A long-running litigation battle between a technology and marketing company and its minority shareholder investors took yet another twist last week when the Appellate Division, First Department, reversed a lower court order upholding the company’s cancellation of the minority shares and the loss of their preemptive rights. Get the full story in this week’s New York Business Divorce.
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A decision earlier this month by Manhattan Commercial Division Justice Bernard Fried in Barasch v. Williams Real Estate Co. analyzes dissenting shareholder appraisal rights in a complex corporate reorganization that resulted in a new majority owner of a major real estate brokerage firm. This week’s New York Business Divorce has the story.
DON’T MISS TOMORROW MORNING’S CLE PROGRAM AT THE LONG ISLAND MARRIOTT ON DRAFTING ORGANIZATIONAL DOCUMENTS FOR LIMITED LIABILITY COMPANIES, AT WHICH I’LL BE PRESENTING ON “LESSONS FROM THE LITIGATION TRENCHES”. FOR MORE INFORMATION, SEE TODAY’S POSTING OR CALL 1-800-582-2452.

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The business partnership breakup and hydra-headed litigation known as Ficus Investments, Inc. v. Private Capital Management, LLC, is the subject of this week’s New York Business Divorce, as it looks at a recent, important ruling by Manhattan Commercial Division Justice Bernard Fried addressing rights of advancement and indemnification for litigation misconduct.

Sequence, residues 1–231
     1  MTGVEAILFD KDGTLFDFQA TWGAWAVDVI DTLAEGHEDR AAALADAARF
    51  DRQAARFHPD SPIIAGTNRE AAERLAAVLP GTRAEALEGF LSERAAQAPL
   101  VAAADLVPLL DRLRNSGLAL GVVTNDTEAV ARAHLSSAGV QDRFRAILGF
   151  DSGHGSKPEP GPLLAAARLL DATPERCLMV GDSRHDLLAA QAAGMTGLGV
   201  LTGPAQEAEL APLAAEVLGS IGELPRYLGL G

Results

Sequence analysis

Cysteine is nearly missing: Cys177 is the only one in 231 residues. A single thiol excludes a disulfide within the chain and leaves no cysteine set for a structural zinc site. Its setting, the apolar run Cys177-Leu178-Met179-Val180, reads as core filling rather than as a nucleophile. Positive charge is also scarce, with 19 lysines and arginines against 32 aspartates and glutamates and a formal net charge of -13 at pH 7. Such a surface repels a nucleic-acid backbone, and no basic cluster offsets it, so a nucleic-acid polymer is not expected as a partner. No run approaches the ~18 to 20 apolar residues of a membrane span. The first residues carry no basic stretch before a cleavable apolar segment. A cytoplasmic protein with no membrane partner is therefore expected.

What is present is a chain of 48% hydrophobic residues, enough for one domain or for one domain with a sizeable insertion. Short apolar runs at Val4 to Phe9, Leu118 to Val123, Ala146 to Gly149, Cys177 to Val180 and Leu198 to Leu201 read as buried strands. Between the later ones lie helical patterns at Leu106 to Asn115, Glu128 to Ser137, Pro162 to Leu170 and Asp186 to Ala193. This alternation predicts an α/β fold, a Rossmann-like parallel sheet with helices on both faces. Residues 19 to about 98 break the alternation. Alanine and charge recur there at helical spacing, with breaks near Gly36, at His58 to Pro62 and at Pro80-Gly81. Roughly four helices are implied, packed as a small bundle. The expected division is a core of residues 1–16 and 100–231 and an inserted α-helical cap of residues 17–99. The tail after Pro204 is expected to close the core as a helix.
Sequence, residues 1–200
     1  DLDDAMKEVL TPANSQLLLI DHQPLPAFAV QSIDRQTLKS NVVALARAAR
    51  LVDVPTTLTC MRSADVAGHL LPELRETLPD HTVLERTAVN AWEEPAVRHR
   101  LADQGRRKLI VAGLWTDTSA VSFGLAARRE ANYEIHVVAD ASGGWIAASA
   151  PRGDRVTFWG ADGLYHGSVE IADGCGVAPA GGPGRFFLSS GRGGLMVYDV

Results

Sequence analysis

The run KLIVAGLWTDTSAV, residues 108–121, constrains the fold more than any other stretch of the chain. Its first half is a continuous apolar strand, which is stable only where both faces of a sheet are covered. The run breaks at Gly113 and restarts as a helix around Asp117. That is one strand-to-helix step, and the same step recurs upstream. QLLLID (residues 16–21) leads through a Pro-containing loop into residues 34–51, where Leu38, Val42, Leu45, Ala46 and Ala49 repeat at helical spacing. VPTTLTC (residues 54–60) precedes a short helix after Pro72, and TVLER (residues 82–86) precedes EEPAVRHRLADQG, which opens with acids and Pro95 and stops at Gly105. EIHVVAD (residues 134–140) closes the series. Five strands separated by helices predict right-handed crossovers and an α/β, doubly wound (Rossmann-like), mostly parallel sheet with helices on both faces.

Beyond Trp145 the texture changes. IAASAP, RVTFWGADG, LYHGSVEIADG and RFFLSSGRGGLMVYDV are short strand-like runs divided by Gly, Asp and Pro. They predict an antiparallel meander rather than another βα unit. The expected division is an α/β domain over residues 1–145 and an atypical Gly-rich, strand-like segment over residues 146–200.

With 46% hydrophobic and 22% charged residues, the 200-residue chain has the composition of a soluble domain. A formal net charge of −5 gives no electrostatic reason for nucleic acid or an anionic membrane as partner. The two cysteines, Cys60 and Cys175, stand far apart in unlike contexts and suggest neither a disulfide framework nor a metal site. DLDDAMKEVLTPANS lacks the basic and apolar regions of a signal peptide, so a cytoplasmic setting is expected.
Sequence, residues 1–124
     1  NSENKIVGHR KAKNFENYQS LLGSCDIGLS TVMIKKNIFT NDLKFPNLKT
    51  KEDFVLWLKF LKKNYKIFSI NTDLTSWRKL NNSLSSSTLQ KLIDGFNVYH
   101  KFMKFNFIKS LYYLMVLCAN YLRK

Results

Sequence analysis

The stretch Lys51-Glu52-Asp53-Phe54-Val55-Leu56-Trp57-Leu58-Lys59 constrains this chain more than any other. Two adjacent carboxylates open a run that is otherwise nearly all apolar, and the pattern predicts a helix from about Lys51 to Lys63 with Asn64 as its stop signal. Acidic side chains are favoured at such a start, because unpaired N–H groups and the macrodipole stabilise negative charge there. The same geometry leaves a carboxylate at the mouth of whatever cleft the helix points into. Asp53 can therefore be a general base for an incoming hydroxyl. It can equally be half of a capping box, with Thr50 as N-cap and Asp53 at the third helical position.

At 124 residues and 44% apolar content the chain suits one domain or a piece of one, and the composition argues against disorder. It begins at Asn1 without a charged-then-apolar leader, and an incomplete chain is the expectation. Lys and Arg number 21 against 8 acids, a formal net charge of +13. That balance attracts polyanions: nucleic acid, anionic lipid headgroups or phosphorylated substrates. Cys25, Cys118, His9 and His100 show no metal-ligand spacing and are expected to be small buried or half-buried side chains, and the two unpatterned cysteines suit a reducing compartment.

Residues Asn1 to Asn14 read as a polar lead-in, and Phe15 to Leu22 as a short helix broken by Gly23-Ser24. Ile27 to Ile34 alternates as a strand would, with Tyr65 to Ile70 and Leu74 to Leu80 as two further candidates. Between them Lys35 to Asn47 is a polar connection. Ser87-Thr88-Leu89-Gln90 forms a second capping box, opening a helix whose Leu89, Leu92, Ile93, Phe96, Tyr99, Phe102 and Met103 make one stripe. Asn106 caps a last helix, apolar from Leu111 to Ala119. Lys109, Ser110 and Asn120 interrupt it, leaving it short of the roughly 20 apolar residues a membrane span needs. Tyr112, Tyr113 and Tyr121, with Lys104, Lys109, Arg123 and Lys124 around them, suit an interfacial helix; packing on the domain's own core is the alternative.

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Internecine litigations involving family-owned close corporations generate some of the murkiest fact patterns and knottiest legal issues known to the courts. This week’s New York Business Divorce looks at one such case, recently decided by Justice Bernard J. Fried, involving a family fight over a dissolved corporation, a second corporation with the same name,and real estate sale proceeds.

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This week’s New York Business Divorce features a recent decision by Justice Bernard Fried granting dissolution of an LLC owned 50-50 by two members locked in several highly contentious lawsuits. The decision addresses standing of a membership interest assignee to seek dissolution, and whether deadlock can establish ground for dissolution of a passive investment holding company.

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The LLC Law authorizes a court to decree dissolution of a limited liability company “on application by or for a member.” Must the application be made by way of a complaint in an action or a petition in a special proceeding? How about by way of a motion or cross motion without a pleading? Find out how New York County Commercial Division Justice Bernard J. Fried answered these questions in a recent ruling featured in this week’s New York Business Divorce.

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This week’s New York Business Divorce highlights an important decision by the Appellate Division, First Department, construing rights of advancement and indemnification for litigation expenses in a battle royal between majority and minority members of a limited liability company.

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